Pics from the early 1900s
After my stroll in the park and sampling the medicinal Borjomi waters, I stopped for lunch at a "restaurant" that was just in a house owned by two old ladies. They also sold me a jar of pine cone jam, a local specialty. Pine cones do not taste great- woody and kind of minty and bitter, but apparently they cure sickness and I've had a cold for the past two weeks so I'm willing to try anything at this point. During lunch I was playing with their adorable granddaughter, who was baffled by my stupidity as an adult who can't speak Georgian, and the women decided that since I'm good with kids, I must be ready to get married. The typical series of questions ensued- you like Georgia? You like Georgian food? You want to stay in Georgia? You must marry a Georgian man. Then, when they saw my cross necklace, their excitement went into hyperdrive. They got so excited that I am a kargi gogo (good girl) that they started thinking of who in Borjomi I could marry, and they were about to call people to come court me, but I managed to escape by saying I had to catch a marshrutka back to Tbilisi, but promising that next time I'm in Borjomi I will go back to them and let them find me a husband. So I can never go back to Borjomi. Georgia is always an adventure!

Other things to do in the Samtskhe-Javakheti region include: The Borjomi-Kharagauli National Park, the Mtsvane (Green) Monastery, Bakuriani ski resort town, Zarzma Monastery, and the Armenian towns of Ninotsminda and Akhalkalaki. 

Tuesday, June 16, 2015

Barbed Wire on the Border: A Visit to almost South Ossetia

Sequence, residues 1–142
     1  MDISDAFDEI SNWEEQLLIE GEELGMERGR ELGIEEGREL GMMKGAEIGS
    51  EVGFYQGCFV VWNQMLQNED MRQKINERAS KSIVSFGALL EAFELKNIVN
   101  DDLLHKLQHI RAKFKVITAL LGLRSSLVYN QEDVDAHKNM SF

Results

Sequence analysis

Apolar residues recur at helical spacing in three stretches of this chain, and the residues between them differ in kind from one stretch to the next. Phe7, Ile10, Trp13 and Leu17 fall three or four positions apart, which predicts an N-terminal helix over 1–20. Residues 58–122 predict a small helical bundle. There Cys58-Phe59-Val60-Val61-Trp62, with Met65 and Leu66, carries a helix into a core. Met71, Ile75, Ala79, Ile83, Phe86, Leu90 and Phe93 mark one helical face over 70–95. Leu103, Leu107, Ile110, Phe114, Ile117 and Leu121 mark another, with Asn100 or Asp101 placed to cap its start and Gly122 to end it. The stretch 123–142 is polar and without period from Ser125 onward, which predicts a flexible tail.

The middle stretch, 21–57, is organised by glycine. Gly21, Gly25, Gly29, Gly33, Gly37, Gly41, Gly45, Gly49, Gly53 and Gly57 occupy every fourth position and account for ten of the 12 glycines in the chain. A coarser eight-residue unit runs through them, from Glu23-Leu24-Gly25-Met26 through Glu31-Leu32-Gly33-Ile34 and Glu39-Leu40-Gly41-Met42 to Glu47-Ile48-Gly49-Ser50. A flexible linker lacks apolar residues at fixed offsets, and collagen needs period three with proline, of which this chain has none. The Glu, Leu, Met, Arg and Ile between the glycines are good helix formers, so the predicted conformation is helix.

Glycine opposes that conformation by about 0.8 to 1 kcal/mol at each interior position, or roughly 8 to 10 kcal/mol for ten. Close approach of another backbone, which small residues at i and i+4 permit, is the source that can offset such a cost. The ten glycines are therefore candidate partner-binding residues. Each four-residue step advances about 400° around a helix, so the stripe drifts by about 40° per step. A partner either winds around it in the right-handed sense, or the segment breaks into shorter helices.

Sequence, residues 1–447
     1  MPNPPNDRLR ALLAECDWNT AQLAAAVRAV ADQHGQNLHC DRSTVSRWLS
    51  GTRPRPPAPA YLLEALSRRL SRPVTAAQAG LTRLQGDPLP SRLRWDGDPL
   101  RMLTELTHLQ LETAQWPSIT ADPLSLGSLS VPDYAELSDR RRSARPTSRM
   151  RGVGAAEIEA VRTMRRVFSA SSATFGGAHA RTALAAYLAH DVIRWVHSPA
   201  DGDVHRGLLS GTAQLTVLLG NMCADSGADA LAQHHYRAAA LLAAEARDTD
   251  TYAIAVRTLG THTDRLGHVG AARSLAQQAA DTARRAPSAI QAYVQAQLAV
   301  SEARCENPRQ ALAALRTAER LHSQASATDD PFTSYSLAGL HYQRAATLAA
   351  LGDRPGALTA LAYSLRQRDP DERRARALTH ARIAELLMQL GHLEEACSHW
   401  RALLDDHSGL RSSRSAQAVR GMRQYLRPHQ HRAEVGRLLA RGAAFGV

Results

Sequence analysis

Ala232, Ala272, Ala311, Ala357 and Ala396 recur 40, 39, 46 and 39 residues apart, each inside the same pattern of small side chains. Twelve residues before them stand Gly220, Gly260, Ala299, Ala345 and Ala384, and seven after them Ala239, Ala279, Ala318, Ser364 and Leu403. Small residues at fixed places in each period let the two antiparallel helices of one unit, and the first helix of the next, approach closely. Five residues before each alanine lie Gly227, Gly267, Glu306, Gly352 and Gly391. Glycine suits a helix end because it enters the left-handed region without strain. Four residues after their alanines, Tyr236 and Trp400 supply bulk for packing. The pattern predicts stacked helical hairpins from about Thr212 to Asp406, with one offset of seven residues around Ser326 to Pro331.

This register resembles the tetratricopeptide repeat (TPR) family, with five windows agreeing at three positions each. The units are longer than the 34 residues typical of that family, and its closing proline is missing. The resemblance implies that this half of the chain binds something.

Last week at work there was a NATO conference on the Black Sea Region, and I was able to participate! One of the coolest parts of the conference was a trip we took to the administrative border line with South Ossetia. The region is an occupied piece of Georgian territory, which broke away/was invaded by Russia in the 2008 August war. It is currently accessible only through Russia in the north, separated by a barbed wire fence, Russian peace keeping troops, and hi-tech cameras. NATO organized our visit so we were able to enter the 'grey zone' in between the two officially monitored border lines. We were escorted by a heavily armed special forces police unit of about 10 men with assault rifles, and a small media team. The whole area is under video surveillance, but apart from our tour group it was very quiet. We drew the attention of some locals living in the village of Khurvaleti who came to speak to the cameras about their very difficult living situations. One of the more interesting features of the border was a Georgian man in his late 80's who, as far as I understand, found himself on the Ossetian side when the barbed wire was unexpectedly raised. It's difficult, but not impossible to cross the border back into Georgia proper, but this man cannot leave because his wife is too sick to travel and he would not be able to cross back into South Ossetia to see her once he leaves. So, he lives in the grey zone- too old to work, but unable to receive his Georgian pension because, for political reasons, Georgia refuses to pay pensions in currency other than Lari and Lari are useless in South Ossetia (not sure about possibilities for currency exchange...). He survives by getting food and water literally thrown over the barbed wire fence to him by his neighbors in Georgia. This unbelievably sad situation is caused by many factors, including a) Russia's refusal to broker a real peaceful solution along the lines of international law, b) Georgia's refusal to compromise in any way with South Ossetian/Russia occupying forces, c) the Georgian man's refusal to accept the Russian passport offered to everyone in South Ossetia (affording them Russian social support, although it isn't much). Basically, no one is 100% innocent or correct in this conflict, but a lot of the suffering has been caused and/or is exacerbated by peoples' and countries' stubbornness and unyielding binds to the past and cultural/historical traditions that often impede progress and peace rather than imbuing people with a reasonable amount of respect and reverence while informing decisions in order to avoid past mistakes...the role of the past in politics was a prevalent theme in the NATO conference as well.